right things, doesn't matter if you have a good or bad draw. You're
going to go a long ways. I will just go one match at a time. What
Q. Having a good time otherwise?
JELENA JANKOVIC: Yeah, I'm always having a good time, especially off the
court. I'm laughing, I'm enjoying my time. I'm just being me.
JELENA JANKOVIC: I don't think I have enough energy to do some dancing.
Q. You said you cramped on the treadmill after the match; is that
JELENA JANKOVIC: Yes.
Q. Is that normal for you after a lengthy match?
JELENA JANKOVIC: No, it's not normal. I haven't cramped for a year or
two years. I have no idea when was the last time I cramped, but I guess
because I played three hours.
To be honest, when I started in LA I got tired after like 40 minutes; I
couldn't do it. I couldn't play anymore, so it's a big improvement. I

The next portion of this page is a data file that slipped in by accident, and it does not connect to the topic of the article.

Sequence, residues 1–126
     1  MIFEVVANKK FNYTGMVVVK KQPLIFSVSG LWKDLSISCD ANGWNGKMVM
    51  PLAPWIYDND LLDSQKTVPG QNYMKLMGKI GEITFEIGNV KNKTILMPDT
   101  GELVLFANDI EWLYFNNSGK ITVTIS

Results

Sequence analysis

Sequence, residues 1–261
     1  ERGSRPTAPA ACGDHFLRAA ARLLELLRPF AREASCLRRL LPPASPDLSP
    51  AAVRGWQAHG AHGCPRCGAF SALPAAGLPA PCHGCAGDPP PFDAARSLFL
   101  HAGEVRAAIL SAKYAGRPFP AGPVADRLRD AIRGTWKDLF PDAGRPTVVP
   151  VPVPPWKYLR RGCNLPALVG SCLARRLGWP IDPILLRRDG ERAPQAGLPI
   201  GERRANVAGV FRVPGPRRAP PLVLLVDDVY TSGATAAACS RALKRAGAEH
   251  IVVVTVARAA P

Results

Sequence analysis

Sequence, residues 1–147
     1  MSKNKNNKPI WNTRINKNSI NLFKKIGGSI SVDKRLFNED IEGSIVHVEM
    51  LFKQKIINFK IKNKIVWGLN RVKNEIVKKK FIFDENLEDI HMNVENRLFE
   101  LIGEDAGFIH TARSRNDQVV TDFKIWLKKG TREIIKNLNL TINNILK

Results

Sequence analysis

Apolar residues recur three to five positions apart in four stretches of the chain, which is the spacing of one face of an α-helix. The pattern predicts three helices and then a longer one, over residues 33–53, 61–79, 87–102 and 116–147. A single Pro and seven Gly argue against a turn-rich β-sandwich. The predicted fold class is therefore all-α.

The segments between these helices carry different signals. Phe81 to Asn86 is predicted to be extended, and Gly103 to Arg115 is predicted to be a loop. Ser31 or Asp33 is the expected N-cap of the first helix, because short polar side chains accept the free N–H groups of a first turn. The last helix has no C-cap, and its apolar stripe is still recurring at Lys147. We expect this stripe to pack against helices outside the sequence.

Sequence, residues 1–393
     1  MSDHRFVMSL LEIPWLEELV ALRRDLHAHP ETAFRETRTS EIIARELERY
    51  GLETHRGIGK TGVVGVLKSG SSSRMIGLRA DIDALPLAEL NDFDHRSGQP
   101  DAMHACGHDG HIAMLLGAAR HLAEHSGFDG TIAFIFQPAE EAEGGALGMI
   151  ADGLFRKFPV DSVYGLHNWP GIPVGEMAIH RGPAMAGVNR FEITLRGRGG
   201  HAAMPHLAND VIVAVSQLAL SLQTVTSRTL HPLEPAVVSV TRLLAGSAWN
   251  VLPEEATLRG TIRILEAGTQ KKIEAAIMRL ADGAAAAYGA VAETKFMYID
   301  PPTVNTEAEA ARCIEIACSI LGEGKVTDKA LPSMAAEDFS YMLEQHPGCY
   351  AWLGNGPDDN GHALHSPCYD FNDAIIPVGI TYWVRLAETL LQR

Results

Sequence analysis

see already that I can play longer and longer, but, you know, it's
still, you know, very far to my potential.
Q. Is it customary for you to go on a treadmill after a lengthy match?
JELENA JANKOVIC: You're supposed to just jog very, very ‑‑ very easy jog
so that you kind of flush and get all the lactic acids from your
muscles, so that you feel better. Then you stretch and then you can
shower, and then you have a massage so you feel much better if you do
As when you just finish the match you're very tight and you're just go
in and shower and you feel so stiff. But I didn't have enough, you know,
power to jog, because I cramped after three minutes of jogging.
Q. And you cramped where? It was behind the meniscus?
JELENA JANKOVIC: Next to my kneecap, you know, the one I injured in
Wimbledon. That was, I guess, the weakest muscle.
Q. How long would you have run if you didn't have the problem?
JELENA JANKOVIC: Ten minutes. After three hours, my work would be three
hours and ten minutes.